WE TAKE THE PLANET SERIOUSLY
in fact, our directors take it to heart
As an organisation we are conscious of having a postive impact on the communities in which we operate - socially, environmentally and economically. Our hives at our hub in the East End of Glasgow are all about giving back environmentally and socially to the local community, whilst fostering biodiversity and prosperity. They are also a great learning opportunity for staff and their families alike, in addition to local school children.
We thank our beekeeper, Kathy, for accompanying us on this journey and for providing a wealth of learning opportunties.
Our resident beekeeper, Kathy, helps us keep our hives in tip-top health, without too many flying imposters. However, occasionally there is the welcome imposition of staff members - in this picture, Director, Craig Taggart.
Our Bee Sanctuary
Our hives are housed on site in a sometimes sunny and protected area next to our offices. Kathy visits regularly, and co-workers make frequent visits in suits. We offer a selection of coloured suits in a variety of sizes.
Follow Our Video Diary
We do not like to pester our flying friends. Instead, we choose to let them get on with their busy days pollinating the surrounding area. However, sometimes when kathy, our beekeeper, visits we are able to film some short videos of 'hive life.'
enjoy watching a selection of videos below!
We would also like to thank lori cunningham, a young artist and bee enthusiast, for her lovely artwork providing the background for our video diary.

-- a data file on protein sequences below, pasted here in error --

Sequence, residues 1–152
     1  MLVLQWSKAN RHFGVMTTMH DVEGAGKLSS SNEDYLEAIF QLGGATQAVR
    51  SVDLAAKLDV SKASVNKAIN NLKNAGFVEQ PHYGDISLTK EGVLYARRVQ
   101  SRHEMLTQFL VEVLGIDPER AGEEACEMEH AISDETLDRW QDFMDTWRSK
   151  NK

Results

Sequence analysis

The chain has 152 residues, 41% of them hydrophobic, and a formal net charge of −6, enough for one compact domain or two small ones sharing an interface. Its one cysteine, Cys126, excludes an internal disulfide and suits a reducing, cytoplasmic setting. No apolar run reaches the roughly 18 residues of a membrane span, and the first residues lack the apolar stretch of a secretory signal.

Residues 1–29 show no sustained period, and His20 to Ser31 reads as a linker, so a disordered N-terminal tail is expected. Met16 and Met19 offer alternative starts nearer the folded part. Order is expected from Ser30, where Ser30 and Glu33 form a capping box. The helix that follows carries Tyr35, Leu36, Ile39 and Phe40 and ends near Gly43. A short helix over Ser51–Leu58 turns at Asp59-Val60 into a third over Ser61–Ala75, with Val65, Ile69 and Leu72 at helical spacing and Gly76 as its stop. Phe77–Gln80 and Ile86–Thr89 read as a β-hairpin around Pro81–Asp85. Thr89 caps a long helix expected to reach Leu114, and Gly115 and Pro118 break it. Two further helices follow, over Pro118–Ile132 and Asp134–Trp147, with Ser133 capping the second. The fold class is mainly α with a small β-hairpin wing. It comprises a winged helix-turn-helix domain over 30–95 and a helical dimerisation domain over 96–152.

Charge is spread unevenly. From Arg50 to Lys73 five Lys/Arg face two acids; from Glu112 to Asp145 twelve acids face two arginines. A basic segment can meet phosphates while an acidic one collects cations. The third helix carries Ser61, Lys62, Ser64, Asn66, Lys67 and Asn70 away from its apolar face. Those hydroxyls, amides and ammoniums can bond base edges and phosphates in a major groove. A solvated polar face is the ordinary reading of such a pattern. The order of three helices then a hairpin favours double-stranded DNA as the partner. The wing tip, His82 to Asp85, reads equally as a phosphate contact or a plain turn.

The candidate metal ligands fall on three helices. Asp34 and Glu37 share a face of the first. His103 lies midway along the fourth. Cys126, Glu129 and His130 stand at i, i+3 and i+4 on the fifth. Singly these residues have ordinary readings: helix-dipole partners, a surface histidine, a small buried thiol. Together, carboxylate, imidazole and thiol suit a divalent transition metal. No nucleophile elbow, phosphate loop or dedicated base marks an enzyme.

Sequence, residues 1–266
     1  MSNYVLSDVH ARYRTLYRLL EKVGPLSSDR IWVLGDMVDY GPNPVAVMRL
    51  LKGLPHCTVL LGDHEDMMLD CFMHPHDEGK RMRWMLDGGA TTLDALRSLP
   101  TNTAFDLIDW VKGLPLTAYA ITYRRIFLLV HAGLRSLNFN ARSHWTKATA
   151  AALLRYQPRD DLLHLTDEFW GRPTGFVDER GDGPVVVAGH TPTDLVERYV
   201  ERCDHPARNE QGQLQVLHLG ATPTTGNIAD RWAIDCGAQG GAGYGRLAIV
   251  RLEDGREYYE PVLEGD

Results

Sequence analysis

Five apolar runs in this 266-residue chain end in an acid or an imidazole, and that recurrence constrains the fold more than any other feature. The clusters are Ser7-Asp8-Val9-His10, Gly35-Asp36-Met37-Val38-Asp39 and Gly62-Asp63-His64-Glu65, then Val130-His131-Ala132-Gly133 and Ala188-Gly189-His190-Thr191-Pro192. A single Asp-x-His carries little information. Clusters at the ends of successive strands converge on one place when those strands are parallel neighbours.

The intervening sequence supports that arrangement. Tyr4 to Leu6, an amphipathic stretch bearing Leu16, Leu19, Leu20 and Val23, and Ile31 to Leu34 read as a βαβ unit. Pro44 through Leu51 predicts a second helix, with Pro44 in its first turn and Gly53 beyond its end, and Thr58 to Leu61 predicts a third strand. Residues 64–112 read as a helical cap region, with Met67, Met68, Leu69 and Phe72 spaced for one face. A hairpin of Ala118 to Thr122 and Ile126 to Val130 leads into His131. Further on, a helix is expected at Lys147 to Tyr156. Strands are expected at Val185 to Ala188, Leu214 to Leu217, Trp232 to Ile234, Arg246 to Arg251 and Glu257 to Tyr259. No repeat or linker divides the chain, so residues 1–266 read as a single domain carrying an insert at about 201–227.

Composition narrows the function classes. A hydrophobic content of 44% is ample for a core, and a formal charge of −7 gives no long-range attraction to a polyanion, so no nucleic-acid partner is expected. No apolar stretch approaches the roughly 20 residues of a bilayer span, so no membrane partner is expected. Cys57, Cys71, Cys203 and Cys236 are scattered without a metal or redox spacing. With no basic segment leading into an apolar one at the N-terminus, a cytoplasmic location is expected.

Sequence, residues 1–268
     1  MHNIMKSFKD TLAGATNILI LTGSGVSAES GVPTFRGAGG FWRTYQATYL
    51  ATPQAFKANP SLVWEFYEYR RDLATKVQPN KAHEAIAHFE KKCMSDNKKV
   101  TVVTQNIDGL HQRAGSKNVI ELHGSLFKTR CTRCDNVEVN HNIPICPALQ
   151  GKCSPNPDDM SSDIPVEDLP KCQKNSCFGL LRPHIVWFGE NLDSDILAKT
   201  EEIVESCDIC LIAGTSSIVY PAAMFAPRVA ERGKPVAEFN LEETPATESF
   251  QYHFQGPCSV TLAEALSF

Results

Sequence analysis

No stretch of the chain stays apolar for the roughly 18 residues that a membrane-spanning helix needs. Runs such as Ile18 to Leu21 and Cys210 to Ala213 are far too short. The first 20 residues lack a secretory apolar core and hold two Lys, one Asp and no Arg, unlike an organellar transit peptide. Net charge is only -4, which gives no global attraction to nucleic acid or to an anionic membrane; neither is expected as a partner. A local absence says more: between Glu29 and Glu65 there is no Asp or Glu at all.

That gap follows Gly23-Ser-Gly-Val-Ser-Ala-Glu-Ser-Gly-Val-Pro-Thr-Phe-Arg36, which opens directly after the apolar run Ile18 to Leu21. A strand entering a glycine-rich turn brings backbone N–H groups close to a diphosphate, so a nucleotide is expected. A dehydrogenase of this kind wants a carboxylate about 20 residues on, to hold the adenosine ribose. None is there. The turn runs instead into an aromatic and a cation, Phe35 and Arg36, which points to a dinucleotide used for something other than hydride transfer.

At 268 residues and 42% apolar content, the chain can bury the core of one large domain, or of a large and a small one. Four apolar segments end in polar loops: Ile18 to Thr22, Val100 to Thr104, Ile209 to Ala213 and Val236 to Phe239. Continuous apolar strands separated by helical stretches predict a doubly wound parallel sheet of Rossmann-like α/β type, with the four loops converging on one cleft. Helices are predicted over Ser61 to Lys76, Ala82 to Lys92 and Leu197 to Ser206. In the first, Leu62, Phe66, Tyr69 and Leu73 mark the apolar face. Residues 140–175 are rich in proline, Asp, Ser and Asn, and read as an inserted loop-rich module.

As you’ve no doubt heard and read, pollinators are experiencing unprecedented decline.
A world without bees is sadly becoming more of a possibility. If bees were to become extinct the planet could be in serious trouble, because these creatures are such an integral part of most ecosystems.
Is it all about the honey?
To many, bees are a nuisance who buzz from flower to flower on hot sunny days. However, bees are actually so much more than this, and have an important part to play in maintaining our planet. In the same way that trees and woodlands are essential to filter our air, bees are vital to both pollinate the food we need to survive and to pollinate many of the trees and flowers that provide habitats for wildlife.
Honey Bees are pretty special
Honey bees are one species of a huge number of species of bees. There are in the UK 24 species of bumble bee and about 240 species of solitary bee. Honeybees are the only true eusocial bees in the UK. They live in large social groups called colonies. The honeybee colony is sometimes described as a superorganism, because it has much greater abilities than the individual bee.